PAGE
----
One of two firms getting millions in taxpayer dollars to generate electricity from Maine wood purchased less than half of the wood it promised and fell short on other investment goals, according to a state report.

Staff at the Maine Public Utilities Commission suggested in a report issued Friday that the three-member regulatory body reduce a subsidy payment to the company Stored Solar by 20 percent, to a little more than $1.2 million in taxpayer funds.

That’s about $320,000 less than Stored Solar requested under a state bailout program for two companies that burn low-grade wood to generate electricity.

Stored Solar was plagued with challenges last year, its first year of operation, facing claims of unpaid bills from loggers and other contractors. The company had settled many debts early this year, according to property records, but contractors and a logging industry representative told a legislative panel in early February that some were still awaiting months-old payments.

The Maine Public Utilities Commission will cast the final vote on how much Stored Solar ultimately receives, considering the recommendation of PUC staff, who in their report laid out why they think the company fell short of its economic promises.

The report found the company purchased about 40 percent of the wood it had promised to buy and made roughly 63 percent of the promised investments in its facilities. That’s because regulators decided to exclude from their calculations options Stored Solar had secured from loggers to buy about 300,000 more tons of wood.

“Purchasing the access to biomass does not equate to the purchase of biomass itself,” the staff report states.

Staff also determined that Stored Solar’s roughly $900,000 investment in its own logging equipment did not count as an investment in its facilities, as those did not improve the performance or reliability of the plants themselves.

In its request for the subsidy payout, the company said it’s making progress on its plan to build a land-based shrimp farm and biorefinery in West Enfield. It plans to break ground on the shrimp farm in 2018, in a partnership with the Newburgh, New York-based company Eco Shrimp Garden.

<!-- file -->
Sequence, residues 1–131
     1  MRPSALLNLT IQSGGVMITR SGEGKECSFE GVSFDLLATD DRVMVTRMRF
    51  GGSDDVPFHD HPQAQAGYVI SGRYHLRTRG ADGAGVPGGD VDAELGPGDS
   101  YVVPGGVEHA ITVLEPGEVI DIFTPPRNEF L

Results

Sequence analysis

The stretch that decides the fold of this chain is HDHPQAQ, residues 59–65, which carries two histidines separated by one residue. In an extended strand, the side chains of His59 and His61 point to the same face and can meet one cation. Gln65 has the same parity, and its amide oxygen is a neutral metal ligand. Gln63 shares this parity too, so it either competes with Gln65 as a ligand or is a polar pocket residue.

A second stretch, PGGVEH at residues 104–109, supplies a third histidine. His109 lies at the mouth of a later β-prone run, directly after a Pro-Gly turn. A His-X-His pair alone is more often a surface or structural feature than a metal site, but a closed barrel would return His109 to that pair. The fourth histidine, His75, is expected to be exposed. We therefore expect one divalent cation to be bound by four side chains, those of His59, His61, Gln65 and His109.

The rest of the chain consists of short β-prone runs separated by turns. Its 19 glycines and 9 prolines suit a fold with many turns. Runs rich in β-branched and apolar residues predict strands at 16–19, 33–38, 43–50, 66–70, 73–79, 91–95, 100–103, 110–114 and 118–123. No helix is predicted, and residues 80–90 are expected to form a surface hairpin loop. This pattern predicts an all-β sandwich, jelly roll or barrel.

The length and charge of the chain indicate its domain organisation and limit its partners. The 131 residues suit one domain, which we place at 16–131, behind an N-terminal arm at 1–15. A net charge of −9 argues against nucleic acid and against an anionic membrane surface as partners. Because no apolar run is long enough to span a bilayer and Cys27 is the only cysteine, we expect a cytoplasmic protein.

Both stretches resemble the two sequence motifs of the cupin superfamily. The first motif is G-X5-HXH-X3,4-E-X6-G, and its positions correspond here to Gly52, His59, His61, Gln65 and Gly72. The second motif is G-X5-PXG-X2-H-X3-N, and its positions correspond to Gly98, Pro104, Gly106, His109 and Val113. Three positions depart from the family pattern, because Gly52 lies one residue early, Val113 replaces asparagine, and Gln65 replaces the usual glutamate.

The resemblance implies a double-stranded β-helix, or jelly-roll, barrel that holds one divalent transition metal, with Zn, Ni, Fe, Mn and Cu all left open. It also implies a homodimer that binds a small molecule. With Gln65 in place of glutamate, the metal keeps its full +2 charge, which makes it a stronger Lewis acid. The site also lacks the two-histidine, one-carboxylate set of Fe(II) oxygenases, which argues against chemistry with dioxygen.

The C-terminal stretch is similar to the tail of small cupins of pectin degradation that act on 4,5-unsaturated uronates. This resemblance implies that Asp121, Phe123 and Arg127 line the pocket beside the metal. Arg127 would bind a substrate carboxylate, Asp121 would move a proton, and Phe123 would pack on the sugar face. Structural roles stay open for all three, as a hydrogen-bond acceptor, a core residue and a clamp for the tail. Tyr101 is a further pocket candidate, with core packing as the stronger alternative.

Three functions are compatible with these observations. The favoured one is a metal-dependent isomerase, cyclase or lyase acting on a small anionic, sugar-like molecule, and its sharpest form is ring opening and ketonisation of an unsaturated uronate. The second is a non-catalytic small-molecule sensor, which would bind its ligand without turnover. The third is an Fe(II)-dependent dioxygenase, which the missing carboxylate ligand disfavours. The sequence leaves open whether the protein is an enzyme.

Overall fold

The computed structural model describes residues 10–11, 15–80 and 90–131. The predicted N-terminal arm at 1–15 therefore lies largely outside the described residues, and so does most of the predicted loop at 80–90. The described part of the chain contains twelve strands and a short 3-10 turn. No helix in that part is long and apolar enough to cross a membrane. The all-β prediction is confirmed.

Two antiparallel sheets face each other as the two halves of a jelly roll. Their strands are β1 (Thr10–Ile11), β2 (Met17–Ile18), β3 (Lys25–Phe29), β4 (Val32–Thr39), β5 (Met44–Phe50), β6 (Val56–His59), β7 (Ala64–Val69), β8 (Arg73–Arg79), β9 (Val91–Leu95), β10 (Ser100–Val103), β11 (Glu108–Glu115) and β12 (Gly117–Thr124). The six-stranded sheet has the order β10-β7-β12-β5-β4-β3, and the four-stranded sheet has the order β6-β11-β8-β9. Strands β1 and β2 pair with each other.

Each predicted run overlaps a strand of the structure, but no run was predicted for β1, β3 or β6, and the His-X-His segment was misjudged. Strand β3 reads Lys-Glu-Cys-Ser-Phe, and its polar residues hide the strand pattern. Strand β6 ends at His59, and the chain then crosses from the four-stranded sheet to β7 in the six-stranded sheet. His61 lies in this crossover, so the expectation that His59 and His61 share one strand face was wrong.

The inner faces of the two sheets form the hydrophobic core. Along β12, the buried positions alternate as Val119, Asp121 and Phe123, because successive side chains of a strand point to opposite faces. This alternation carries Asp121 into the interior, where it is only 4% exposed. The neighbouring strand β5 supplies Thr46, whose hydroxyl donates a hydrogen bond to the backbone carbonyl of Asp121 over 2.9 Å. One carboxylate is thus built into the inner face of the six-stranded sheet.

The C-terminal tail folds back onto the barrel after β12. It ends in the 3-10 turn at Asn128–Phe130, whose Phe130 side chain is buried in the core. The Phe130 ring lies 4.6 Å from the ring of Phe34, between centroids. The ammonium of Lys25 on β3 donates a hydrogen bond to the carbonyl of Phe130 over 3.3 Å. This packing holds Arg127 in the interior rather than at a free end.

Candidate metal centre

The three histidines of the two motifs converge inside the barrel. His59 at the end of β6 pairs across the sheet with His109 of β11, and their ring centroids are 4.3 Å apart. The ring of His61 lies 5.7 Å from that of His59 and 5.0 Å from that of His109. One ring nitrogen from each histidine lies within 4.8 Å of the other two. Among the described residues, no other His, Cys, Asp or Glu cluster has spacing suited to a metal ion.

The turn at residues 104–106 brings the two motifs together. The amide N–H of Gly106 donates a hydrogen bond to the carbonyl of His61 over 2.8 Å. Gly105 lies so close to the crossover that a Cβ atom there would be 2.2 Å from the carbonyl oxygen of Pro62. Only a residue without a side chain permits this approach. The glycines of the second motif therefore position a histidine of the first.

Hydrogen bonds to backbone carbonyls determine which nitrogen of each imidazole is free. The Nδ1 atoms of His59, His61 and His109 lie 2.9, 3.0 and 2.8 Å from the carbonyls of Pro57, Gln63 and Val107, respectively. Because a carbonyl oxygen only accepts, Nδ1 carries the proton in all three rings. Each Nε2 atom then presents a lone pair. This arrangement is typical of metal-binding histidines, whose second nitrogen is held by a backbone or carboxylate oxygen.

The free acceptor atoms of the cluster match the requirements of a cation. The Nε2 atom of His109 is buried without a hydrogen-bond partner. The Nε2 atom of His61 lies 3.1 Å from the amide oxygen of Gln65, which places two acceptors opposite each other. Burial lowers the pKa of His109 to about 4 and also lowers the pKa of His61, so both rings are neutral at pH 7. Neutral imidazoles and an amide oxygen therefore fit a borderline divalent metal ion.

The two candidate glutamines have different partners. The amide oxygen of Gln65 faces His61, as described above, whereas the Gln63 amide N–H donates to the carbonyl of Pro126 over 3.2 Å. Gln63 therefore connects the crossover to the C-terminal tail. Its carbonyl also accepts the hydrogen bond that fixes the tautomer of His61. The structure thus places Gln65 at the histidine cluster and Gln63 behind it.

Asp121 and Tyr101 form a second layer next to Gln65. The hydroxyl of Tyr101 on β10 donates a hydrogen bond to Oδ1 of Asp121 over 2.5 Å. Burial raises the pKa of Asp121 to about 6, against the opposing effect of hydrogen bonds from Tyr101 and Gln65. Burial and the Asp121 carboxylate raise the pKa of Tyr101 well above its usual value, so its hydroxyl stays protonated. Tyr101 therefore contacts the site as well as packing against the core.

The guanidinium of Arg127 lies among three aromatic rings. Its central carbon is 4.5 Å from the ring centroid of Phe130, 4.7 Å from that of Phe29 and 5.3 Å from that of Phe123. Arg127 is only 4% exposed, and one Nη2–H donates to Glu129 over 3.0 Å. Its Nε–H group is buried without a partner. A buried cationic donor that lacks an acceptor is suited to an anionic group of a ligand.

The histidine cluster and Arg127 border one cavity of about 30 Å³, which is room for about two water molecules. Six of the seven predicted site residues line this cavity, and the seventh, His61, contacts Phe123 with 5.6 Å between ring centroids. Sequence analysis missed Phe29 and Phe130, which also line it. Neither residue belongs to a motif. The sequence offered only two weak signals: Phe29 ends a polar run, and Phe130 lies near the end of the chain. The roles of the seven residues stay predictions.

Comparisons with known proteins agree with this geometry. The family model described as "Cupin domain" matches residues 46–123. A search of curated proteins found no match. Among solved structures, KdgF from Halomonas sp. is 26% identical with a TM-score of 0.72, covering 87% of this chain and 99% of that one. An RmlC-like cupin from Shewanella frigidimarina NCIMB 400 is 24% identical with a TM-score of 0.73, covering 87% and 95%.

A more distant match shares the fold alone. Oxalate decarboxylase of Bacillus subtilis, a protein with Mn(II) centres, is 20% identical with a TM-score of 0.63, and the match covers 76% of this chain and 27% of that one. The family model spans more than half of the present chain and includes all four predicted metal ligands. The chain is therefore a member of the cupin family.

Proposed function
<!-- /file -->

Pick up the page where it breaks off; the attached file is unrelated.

In the PUC report, regulatory staff found the company nearly met its employment goal of having 42 employees, with an average of 41 employees for the year. That included the company’s doubling of staff in December to 77 workers, as market prices for electricity spiked and the company revved up power plant operations.

Stored Solar purchased biomass plants in West Enfield and Jonesboro from Covanta in the fall of 2016, in order to bid into the $13.4 million state subsidy program. Midway through the subsidy program, it asked regulators to evaluate its performance at the end of the year, instead of delivering it monthly subsidy payments for the power it generated.

The other contractor in the subsidy program, ReEnergy, received roughly $4.3 million for the power it generated in 2017 at plants in Ashland and Fort Fairfield. ReEnergy’s total take dwindled to about $3 million in January because of the way its contract is structured.

If the market price for energy spikes, the company could end up paying money back to the state, in what’s called a contract for differences. That happened in January, as a deep cold snap drove power prices much higher than the contract’s $46.50 per megawatt-hour.

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Darren Fishell

Darren is a Portland-based reporter for the Bangor Daily News writing about the Maine economy and business. He's interested in putting economic data in context and finding the stories behind the numbers.